The Professional plan is for single users that want to level up and use Zapier optimally. This plan is best for you if you have a large number of complex, multi-step processes that require conditional logic and you use more than three premium apps in your business. All Starter plan features are included, as well as paths and task Autoreplay. You can take advantage of unlimited premium apps, unlimited Zaps, a quicker update time of 2 minutes, and access to between 2,000 and 2,000,000 tasks per month (depending on subscription payment).
Businesses with two or more team members that are responsible for automating and managing processes should take advantage of the features available on the Team plan. All elements of the Professional plan are included, with the added benefits of a faster update time of 1 minute and a much higher task allocation compared to the Professional plan (50,000 to 2,000,000 based on subscription payment). The Professional plan allows teams to collaborate and automate their processes securely and in an organized way. Team members can securely access multiple apps without the need to share passwords and API keys between them, share workspaces, and select who has access to specific folders. An additional bonus of this plan is access to a dedicated premier support team with faster, prioritized responses.
The Company plan is for organizations that require enterprise-grade security considerations and want to separate their users into teams. You still have access to all the features of the Professional plan, between 100,000 and 2,000,000 tasks per month (depending on subscription payment), plus access to multiple workspaces. Security features include user management, app access control, secure Single Sign-On (SSO), and top-level account management.
An additional bonus of this plan is the ability to customize Zap history data retention for shorter periods than the standard 30 days to fit with your company's regulatory requirements.
You now have a better understanding of what features and functionality are included in each Zapier plan and which plan would suit your business most. Next, we cover how to set up your Zapier account.
Creating a Zapier account
The Zapier team are very proactive with trying to create the best experience for the user and often test different User Interface (UI) changes on user groups. UI updates, new features, and changes to navigation are released regularly, so don't be surprised if as you work through this book, the screenshots we have used differ slightly from the current, live state.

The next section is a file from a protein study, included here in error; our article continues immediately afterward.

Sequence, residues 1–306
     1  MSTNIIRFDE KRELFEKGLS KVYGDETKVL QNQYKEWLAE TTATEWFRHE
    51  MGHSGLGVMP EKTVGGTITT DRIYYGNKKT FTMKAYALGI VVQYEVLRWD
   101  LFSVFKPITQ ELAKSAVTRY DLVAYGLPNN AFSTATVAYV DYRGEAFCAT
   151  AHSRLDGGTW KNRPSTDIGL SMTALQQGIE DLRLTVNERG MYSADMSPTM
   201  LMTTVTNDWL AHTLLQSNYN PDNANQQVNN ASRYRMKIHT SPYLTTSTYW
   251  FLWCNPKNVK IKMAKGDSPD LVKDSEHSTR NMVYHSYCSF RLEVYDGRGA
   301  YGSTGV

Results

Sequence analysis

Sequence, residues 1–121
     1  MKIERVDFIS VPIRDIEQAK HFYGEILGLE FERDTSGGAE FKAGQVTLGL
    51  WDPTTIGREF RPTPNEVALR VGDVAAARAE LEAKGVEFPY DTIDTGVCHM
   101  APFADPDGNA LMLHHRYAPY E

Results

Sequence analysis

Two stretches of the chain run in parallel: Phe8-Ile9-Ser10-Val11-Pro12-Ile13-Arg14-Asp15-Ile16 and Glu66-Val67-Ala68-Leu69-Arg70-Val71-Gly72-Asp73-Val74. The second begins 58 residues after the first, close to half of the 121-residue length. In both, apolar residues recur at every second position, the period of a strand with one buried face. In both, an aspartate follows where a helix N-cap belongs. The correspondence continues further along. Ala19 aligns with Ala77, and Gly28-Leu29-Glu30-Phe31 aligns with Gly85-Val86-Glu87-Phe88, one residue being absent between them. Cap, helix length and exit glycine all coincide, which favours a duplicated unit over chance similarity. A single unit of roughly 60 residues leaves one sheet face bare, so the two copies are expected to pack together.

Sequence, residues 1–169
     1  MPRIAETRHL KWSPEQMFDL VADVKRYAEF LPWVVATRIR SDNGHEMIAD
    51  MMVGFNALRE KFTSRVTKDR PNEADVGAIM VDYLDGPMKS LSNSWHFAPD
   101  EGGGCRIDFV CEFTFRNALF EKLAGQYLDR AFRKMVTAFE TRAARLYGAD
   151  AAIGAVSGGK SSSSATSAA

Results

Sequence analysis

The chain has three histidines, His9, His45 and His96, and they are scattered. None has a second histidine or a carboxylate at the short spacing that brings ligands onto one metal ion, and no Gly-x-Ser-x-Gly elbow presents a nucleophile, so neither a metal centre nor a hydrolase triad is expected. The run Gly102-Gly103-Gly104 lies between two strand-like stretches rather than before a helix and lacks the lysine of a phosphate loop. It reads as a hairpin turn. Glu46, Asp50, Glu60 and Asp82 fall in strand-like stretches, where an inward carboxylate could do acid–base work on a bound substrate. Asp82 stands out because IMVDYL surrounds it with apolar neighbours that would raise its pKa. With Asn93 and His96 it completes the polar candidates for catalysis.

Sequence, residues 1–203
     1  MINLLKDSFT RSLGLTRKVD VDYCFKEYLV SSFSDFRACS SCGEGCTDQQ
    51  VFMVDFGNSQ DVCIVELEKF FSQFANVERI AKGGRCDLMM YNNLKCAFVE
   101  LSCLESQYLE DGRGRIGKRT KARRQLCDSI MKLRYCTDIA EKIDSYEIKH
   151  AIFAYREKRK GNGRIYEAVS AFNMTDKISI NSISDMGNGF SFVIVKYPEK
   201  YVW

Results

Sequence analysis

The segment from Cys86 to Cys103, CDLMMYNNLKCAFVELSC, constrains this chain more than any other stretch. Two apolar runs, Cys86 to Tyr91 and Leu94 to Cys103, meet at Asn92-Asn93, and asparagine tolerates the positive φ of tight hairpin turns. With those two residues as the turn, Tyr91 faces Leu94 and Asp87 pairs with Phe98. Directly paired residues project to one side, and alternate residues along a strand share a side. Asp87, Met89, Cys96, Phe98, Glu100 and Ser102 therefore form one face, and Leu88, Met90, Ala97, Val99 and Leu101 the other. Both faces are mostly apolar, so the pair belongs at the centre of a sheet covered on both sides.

Work through the following steps to create your new Zapier account:
- Open your web browser and navigate to the Zapier website home page: https://zapier.com/.
- Create a Zapier account by entering your business email address and your first and last name, and then click on Get Started Free, as shown in the following screenshot. Alternatively, you can sign up using your Google or Facebook credentials:
- Add a password and click on Sign Up, as shown in the following screenshot:
- Complete the first step in the onboarding process by identifying your role and clicking Continue, as shown in the following screenshot:
- Complete the second step in the onboarding process by selecting the apps that you use in your business, then choose whether you want to receive marketing emails from Zapier and click Finish Setup, as shown in the following screenshot:
By completing this two-step onboarding process accurately, Zapier will be able to customize your user experience and provide you with tailored workflow suggestions. These recommendations will give you ideas of what types of tasks you can automate using your business apps as examples. You can choose to fill this information in as appropriate or skip these steps.
Now that you have set up your Zapier account, you're one step closer to building your first workflow automation. In the next section, we cover navigation on the Zapier platform.
Familiarizing yourself with navigation on the Zapier platform
Zapier has made its UI helpful for navigating easily around the platform. When you sign in to Zapier, the first thing you will see is the main dashboard. The central dashboard area provides you with useful information to help you get started with tutorials, creating your own workflows, and using some pre-built workflow examples.
The dashboard layout is as shown in the following screenshot:
From the majority of pages within the platform, you have multiple navigation options:
- Icons in the left sidebar
- Icons on the top right
- Footer menu